View marines087's profile

marines087

23 posts in 968 days


#8 posted 02-23-2012 02:51 AM

I am pretty jealous, i would love to get a stock 1911 so i could get some grips that look as good as those do.

View Josh's profile

Josh

20 posts in 950 days


#9 posted 02-23-2012 03:20 AM

Awesome grips!

-- Josh, Columbus, GA

View SisQMark's profile

SisQMark

381 posts in 1254 days


#10 posted 02-23-2012 03:27 AM

Nice grips, you did well. Just an idea, you could use some epoxy to coat them & seal the emblems in at the same time. Thanks for sharing.
Mark

-- Don't waste today, it is yesterdays tomorrow!~SisQMark

View waho6o9's profile (online now)

waho6o9

4921 posts in 1231 days


#11 posted 02-23-2012 03:49 AM

Most excellent work Hoosierdaddy.

View mark76wa's profile

mark76wa

80 posts in 2050 days


#12 posted 02-23-2012 05:14 AM

That is awesome. I like it.

View Hoosierdaddy's profile

Hoosierdaddy

75 posts in 1296 days


#13 posted 02-23-2012 12:27 PM

Thanks to all for your kind comments. Was able to sidestep the payment issue somewhat awkwardly last night dropping off these grips….think it’s a dead issue.

thanks for the correction HillBillyShooter, it was Mr. Browning’s design, could have swore otherwise!

Also, with all the talk of Iran on the boob tube of late I meant to say that this you man served in IRAQ, not that other sandbox!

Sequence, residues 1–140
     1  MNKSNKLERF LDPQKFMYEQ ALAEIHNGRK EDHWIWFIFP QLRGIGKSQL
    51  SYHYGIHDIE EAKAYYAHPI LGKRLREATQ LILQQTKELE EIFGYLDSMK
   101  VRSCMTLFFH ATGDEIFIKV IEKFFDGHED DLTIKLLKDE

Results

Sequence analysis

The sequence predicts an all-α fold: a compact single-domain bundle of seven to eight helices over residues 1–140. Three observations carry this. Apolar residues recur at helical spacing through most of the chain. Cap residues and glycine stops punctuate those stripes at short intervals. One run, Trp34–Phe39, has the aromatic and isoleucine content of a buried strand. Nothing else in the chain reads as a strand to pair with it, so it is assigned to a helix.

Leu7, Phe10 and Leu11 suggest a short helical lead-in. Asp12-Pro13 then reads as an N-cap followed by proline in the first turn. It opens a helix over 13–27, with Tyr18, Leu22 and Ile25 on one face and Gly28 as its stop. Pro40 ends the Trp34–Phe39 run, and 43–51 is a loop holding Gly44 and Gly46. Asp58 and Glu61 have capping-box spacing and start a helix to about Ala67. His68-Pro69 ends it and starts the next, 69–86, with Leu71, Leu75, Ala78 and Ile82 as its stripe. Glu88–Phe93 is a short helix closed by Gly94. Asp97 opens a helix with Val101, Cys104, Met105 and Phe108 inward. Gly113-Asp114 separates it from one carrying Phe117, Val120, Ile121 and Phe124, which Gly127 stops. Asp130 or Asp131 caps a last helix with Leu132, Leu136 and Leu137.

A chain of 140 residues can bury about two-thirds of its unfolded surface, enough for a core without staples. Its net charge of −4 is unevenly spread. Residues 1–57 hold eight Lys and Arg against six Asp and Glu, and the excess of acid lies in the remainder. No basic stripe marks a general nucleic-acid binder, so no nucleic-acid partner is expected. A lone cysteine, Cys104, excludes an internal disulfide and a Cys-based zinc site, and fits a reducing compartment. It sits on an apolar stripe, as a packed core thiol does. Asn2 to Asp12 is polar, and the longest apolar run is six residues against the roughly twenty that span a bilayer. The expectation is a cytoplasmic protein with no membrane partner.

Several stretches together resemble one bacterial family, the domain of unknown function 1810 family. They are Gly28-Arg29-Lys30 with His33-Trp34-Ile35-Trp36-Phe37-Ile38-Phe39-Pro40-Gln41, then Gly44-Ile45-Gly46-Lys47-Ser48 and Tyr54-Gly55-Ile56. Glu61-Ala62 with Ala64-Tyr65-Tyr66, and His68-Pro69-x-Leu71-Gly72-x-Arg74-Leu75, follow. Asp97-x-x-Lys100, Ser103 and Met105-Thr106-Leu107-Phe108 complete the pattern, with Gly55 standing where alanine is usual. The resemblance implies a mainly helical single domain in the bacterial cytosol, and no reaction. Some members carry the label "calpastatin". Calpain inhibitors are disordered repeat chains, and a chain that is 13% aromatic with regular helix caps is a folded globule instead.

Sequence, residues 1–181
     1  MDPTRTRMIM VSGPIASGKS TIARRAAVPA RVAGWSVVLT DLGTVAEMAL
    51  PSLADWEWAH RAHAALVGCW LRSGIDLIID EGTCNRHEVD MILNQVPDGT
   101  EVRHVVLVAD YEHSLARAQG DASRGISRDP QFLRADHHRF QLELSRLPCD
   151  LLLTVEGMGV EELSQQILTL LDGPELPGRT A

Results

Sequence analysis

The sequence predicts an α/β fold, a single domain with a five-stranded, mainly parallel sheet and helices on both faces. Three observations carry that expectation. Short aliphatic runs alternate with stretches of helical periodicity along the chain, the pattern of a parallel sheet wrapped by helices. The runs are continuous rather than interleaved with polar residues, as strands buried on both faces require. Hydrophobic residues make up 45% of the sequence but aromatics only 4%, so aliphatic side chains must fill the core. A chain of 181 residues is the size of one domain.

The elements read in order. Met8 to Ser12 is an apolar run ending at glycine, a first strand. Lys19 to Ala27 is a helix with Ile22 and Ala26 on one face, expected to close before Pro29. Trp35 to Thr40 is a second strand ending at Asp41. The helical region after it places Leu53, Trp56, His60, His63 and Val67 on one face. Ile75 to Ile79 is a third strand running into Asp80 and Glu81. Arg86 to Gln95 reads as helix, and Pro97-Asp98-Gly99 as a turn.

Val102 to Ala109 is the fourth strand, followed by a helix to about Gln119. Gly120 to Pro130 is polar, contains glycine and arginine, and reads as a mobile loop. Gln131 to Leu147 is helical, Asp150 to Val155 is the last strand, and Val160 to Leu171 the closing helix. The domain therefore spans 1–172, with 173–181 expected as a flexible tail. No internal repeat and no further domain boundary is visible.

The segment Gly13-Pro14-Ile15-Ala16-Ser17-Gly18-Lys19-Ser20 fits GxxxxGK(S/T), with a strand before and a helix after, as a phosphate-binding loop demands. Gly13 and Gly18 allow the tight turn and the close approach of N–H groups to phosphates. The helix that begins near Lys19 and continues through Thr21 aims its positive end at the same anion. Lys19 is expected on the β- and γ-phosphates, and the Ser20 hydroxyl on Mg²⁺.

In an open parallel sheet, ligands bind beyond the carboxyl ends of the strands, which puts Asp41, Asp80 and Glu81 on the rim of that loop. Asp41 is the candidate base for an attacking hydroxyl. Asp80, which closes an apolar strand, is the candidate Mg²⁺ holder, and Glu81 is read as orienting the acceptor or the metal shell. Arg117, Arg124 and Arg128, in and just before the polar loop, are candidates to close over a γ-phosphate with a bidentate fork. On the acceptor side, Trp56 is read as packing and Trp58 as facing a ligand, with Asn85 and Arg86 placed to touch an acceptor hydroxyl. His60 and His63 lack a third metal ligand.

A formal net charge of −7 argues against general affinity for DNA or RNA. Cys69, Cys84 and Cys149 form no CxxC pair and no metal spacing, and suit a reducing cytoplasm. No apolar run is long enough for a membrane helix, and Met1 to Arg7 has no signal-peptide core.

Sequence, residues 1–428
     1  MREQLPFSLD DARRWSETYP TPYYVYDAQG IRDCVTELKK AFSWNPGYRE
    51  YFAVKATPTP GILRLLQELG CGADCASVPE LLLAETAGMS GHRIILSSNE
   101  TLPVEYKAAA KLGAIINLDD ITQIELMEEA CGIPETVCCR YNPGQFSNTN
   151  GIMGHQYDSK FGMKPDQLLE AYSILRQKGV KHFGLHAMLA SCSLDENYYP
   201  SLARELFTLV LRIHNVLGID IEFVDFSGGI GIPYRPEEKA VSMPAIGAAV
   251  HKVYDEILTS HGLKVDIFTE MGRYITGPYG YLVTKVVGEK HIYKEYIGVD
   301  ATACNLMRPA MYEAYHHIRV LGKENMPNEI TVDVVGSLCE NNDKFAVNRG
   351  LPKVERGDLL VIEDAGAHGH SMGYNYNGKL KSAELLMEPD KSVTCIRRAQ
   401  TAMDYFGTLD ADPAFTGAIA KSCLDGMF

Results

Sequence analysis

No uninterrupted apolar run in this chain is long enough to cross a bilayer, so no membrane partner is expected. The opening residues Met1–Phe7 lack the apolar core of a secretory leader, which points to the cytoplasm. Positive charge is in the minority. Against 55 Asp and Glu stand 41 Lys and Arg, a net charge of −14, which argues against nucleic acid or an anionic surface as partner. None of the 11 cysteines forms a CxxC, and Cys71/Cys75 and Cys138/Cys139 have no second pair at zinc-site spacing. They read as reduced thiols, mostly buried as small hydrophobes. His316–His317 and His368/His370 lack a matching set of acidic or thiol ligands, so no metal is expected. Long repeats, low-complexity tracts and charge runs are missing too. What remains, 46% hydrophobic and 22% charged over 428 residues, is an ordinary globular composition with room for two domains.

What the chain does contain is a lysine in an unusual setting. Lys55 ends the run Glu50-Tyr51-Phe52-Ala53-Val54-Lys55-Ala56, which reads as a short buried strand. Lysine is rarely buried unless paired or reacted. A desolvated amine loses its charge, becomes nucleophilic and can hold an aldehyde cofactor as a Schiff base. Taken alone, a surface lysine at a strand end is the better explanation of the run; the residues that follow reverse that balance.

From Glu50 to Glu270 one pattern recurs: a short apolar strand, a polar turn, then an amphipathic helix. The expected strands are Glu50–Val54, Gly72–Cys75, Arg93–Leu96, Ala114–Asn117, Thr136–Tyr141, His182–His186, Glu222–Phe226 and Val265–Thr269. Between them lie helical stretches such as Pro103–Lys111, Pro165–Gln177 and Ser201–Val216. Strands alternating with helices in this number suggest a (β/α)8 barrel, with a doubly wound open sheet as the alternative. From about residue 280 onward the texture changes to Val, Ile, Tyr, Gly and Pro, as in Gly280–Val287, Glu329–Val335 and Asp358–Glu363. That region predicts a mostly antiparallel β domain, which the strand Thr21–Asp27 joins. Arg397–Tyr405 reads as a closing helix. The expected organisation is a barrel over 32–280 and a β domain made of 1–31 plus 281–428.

God Bless these United States of America

-- I don't know what this is going to be like, but there's only one way to find out..........

View BTKS's profile

BTKS

1967 posts in 2119 days


#14 posted 02-23-2012 04:35 PM

Excellent work for a worthy cause. My thanks to you, sir.

-- "Man's ingenuity has outrun his intelligence" (Joseph Wood Krutch)

View McLeanVA's profile

McLeanVA

465 posts in 2089 days


#15 posted 02-23-2012 05:41 PM

Bravo my friend. Excellent work. I’ve done a few of these in the last year and I can tell you that the drilling is the toughest part. After that it’s just shaping and finish.

Your finish is superb. Not a single grit streak to be seen. Very commendable.

-- Measure, cut, curse, repeat.